JOE: Bow down to thy master…..
KASEY: Yeah, for sure. So a couple days went by and we were doing some last minute overdubs and Ty said, Hey, I'm gonna ask Mike if he wants to come play on a song and I was like, Mike McCready? Yeah, he really liked what he heard and I think he'd like to come play on a song and I was like, he can play on whatever he wants. We had a song at the end called ‘The Lucky Ones’ and it was a really droney thing that needed some sort of guitar atmosphere. Mike came in, we ran the song down for him and I said it needs dolphin sounds, can you do dolphin sounds? He replied, yeah man I can do that, and so he just did a couple of passes of this really beautiful atmospheric guitar piece that's all the way through the song and then walked out. I treated him like a normal human being but in my head the entire time I'm like, that's fucking Mike McCready, that's fucking Mike McCready playing guitar on my song. So, all of those guys in The Honkies had been around a while, and because they had been in bands that were really popular, they were all sort of dug into Seattle in the Northwest music scene. This group of people embraced me you know, and brought their friends into the projects and really advocated speaking highly of my songwriting. People like Duff McKagan from Guns ‘N Roses wrote this really sweet piece in the Seattle weekly at one point about how he thought I was a genius songwriter and would have never heard my records if it weren't for the guys in The Honkies. Having Duff McKagan think I am a genius was surreal to me and so I thought these guys in this band were so generous to me and the record didn't even come out the right way. Not only did I end up going to treatment and then go into prison, they had to carry around wondering about how much of my life that they had access to was the actual truth. Apart from the personal relationships we had made this really good record somebody leaked onto streaming services and it never got a chance to come out the way it should have been released. I've made a lot of personal amends in my life and want to try and continue making living amends. I want to set the record straight again, that's a really terrible pun but it is what it is and I wish get this out in the way it was intended to be honoring the work that we did and honoring the relationships that I had in that band.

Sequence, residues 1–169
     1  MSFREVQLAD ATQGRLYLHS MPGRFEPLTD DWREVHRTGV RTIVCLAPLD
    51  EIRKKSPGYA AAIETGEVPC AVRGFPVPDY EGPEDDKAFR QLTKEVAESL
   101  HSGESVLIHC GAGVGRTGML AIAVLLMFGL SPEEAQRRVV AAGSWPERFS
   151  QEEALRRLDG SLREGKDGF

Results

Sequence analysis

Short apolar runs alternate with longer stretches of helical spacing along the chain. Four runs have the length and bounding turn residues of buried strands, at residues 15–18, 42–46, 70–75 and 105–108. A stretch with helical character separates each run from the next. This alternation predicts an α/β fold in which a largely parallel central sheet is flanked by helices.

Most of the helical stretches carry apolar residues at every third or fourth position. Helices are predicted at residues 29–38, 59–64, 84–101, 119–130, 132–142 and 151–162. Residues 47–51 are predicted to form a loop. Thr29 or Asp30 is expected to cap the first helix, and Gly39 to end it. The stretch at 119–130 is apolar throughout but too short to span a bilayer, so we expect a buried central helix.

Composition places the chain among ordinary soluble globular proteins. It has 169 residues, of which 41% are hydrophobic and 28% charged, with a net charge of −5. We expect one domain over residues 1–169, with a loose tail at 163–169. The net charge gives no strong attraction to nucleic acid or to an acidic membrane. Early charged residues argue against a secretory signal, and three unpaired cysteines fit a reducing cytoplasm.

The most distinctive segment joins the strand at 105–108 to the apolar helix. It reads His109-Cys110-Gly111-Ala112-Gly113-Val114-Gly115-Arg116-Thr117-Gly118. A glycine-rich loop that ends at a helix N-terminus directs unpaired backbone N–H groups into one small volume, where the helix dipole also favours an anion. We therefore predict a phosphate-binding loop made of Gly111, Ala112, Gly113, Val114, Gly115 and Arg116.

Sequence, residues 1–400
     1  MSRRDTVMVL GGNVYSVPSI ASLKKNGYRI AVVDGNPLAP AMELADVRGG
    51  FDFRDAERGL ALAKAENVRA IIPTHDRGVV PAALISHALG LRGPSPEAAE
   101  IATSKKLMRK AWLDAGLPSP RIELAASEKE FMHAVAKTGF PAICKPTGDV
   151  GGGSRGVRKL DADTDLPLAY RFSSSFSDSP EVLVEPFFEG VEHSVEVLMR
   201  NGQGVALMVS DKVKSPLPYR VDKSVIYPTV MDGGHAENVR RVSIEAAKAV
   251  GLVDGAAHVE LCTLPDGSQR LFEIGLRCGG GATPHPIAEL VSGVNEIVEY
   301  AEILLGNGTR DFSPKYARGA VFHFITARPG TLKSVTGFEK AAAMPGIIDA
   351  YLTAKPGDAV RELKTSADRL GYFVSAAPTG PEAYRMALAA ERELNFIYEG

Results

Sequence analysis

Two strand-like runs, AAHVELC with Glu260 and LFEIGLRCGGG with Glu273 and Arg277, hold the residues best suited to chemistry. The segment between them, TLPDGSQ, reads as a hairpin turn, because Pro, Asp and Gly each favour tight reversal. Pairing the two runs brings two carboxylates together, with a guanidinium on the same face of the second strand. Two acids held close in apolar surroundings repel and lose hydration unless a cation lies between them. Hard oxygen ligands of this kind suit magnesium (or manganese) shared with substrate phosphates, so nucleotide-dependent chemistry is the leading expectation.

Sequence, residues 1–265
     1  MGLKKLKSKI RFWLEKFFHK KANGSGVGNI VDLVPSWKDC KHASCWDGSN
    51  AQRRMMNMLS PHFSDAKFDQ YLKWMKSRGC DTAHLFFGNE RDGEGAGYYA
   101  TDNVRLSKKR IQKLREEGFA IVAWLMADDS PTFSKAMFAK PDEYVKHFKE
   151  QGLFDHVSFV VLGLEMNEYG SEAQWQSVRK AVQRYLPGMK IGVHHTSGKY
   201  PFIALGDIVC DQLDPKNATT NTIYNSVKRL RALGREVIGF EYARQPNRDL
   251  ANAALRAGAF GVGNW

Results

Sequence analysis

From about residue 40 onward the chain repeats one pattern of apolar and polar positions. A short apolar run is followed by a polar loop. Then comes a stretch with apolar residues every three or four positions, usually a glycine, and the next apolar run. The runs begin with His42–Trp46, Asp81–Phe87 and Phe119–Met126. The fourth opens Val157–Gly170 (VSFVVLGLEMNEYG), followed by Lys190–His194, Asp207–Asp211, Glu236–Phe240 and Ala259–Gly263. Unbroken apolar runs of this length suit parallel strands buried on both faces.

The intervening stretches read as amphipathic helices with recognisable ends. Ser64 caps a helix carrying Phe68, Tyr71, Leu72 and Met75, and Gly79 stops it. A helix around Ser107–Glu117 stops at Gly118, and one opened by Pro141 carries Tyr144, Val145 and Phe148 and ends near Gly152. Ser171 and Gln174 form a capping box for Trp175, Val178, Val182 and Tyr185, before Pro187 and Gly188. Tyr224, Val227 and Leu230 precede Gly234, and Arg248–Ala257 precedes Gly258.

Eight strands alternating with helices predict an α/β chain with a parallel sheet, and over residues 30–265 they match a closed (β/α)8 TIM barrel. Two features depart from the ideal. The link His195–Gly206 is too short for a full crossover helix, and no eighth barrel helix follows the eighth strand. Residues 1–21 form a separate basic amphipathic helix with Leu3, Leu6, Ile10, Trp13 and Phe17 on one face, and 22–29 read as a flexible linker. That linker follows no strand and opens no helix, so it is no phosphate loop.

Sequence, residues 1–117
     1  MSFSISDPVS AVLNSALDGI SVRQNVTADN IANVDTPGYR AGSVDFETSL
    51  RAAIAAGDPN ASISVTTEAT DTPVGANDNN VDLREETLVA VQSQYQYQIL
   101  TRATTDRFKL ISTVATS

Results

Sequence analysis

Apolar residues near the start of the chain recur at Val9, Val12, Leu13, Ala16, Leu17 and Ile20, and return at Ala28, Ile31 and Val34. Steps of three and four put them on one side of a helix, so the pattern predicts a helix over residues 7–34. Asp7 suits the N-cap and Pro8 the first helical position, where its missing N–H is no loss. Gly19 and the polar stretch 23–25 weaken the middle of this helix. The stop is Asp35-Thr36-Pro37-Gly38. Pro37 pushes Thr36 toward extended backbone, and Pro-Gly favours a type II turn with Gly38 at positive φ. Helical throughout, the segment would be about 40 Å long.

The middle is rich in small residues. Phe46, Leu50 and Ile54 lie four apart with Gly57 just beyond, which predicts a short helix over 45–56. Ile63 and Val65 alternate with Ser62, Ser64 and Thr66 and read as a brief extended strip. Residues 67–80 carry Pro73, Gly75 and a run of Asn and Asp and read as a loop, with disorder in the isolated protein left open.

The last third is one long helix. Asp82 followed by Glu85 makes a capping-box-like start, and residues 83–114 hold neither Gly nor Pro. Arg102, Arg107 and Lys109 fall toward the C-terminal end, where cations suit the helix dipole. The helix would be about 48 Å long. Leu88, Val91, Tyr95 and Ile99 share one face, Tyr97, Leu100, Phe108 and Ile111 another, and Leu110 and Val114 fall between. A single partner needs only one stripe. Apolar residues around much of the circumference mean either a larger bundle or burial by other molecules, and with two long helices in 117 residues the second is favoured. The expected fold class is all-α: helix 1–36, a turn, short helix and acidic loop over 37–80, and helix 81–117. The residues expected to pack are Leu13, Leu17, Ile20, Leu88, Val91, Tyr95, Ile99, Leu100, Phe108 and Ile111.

JOE: May I ask you a question about being incarcerated?
JOE: Did you find when getting released there was a shift in consciousness as far as how you approached your personal relationships, your musical relationships, and how you treated yourself? Was there a lot of reflection, and did you make it a point that when getting out to make changes so that good things begin happening in your life?